I never met Nana, but I LOVE her “Noodle” salad!
📃This is the first in what we hope will be a regular series dedicated to sharing some delicious family recipes (and stories) from years past. We are looking for some old (40 years or older) recipes from your family recipe boxes! If you would like us to try and re-create one of your family’s classic dishes, we have given you a link to provide us with more information at the bottom of this piece. 📖
In 1979, pasta salads were “a thing.” They’re still popular now but nothing like back in the 70s and 80s. That chunk of time was a pasta salad sweet spot. People were far less concerned with their daily carb intake and far more interested in whipping up dishes that would be loved for years to come. That’s not a bad thing.
These refreshing summer salads were so popular that they had not only worked their way onto your dinner table but also onto just about every restaurant menu that you could imagine. Do you think I’m exaggerating? Hooters, which was started back in 1983, even had a pasta salad on their menu. Probably one of THE MOST unlikely places to see a pasta salad. And they served a damn good one.
Yes, I completely realize hardly anyone went to Hooters for the pasta salad. And as proof that pasta salad is no longer available, here is the recipe in case you’d like to try to make it.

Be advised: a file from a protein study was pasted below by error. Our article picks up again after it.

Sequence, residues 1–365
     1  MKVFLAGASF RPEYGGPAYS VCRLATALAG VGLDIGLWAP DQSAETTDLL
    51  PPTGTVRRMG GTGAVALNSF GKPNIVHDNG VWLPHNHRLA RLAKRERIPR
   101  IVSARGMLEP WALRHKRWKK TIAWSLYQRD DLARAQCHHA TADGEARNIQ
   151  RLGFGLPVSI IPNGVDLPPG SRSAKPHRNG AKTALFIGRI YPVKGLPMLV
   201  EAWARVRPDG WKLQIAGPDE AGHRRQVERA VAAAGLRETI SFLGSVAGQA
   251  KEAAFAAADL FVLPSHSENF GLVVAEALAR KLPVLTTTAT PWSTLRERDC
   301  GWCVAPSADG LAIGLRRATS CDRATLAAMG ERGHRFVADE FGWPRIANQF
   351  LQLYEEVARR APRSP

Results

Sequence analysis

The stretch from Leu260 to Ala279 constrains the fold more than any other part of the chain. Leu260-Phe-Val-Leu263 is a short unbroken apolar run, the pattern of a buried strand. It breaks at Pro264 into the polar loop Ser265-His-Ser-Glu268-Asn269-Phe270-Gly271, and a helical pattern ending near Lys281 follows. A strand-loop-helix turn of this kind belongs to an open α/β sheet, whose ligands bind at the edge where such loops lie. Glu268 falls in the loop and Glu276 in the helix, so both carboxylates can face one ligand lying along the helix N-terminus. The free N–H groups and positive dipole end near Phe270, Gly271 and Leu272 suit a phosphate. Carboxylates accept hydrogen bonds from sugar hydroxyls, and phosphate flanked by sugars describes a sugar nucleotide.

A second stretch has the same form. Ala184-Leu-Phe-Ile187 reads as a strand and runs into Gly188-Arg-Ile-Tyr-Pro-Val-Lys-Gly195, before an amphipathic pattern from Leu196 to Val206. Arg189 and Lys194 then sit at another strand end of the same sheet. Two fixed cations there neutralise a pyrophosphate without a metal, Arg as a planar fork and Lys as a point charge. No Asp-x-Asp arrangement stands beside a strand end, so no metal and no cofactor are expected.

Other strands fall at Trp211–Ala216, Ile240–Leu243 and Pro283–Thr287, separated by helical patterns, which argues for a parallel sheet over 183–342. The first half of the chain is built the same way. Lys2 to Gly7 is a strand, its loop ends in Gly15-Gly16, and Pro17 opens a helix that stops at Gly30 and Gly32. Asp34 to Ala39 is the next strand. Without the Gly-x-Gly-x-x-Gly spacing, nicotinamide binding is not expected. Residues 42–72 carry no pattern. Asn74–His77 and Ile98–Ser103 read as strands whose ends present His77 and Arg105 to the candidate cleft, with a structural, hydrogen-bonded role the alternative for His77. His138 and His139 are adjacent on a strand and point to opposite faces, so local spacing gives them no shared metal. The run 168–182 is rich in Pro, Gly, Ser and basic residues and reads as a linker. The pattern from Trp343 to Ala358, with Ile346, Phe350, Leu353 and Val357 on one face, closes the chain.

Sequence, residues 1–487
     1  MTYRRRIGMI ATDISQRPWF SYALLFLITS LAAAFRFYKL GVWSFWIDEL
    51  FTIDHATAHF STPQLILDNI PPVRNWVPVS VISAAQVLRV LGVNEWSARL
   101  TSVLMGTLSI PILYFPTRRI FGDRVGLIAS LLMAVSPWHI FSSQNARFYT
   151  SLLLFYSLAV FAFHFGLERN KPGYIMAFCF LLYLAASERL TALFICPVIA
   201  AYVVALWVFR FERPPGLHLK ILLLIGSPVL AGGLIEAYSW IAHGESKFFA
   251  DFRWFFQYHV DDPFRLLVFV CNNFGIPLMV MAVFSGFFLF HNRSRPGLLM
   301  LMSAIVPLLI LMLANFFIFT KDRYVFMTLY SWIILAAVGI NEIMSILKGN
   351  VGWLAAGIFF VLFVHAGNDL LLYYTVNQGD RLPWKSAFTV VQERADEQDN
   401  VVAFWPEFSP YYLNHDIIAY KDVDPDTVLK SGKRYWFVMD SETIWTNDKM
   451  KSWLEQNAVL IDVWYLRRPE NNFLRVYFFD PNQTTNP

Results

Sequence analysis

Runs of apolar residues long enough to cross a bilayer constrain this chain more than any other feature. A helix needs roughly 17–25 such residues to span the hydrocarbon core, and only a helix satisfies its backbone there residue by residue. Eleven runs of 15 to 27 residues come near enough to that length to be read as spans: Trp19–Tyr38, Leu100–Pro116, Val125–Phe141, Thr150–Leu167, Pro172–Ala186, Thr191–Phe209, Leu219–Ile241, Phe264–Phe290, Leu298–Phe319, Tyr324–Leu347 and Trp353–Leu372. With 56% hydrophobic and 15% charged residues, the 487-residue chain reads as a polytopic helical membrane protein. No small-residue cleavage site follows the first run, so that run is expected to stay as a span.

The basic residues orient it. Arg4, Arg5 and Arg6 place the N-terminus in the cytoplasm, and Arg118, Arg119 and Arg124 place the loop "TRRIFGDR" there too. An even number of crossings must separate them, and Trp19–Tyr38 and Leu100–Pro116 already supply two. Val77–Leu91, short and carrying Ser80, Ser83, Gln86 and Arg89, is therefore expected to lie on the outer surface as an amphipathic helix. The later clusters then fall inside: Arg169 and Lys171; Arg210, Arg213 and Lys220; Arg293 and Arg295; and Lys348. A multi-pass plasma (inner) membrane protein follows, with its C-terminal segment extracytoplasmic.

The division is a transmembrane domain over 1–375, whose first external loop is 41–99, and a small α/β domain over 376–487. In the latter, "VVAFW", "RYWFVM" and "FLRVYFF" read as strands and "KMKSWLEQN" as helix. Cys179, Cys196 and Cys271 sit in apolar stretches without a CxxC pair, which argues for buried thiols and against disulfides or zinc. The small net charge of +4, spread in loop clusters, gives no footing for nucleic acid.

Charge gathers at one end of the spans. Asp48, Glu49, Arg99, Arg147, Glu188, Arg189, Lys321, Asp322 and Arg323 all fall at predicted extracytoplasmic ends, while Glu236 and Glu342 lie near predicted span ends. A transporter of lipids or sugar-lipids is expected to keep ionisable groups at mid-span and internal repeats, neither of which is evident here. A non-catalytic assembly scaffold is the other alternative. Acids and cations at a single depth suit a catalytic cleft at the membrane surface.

OK, we’re not here just to reminisce about info rtp slot gacor or pasta salads of days gone by. But that might make for a fun piece down the road. We are here to let you in on a long-time family favorite from a kitchen in the Cleveland, Ohio area.
In 1979, Jane Wooden was treating her family to a different take on the pasta salad theme. And as it turns out, this recipe has withstood the test of time. At least in the Wooden family. It wasn’t one that was made just a few times and then filed away in the recipe box to grow old gracefully. This recipe was used a lot!
Jane was a fantastic cook and just loved creating delicious dishes for her family to enjoy. She stumbled on this recipe back in the late 70s. Her daughter, Amy, who was still in grade school at the time, was already in training to be her mom’s prep chef. All of that early culinary training served Amy well. Today she works as a Nutritional Health Coach.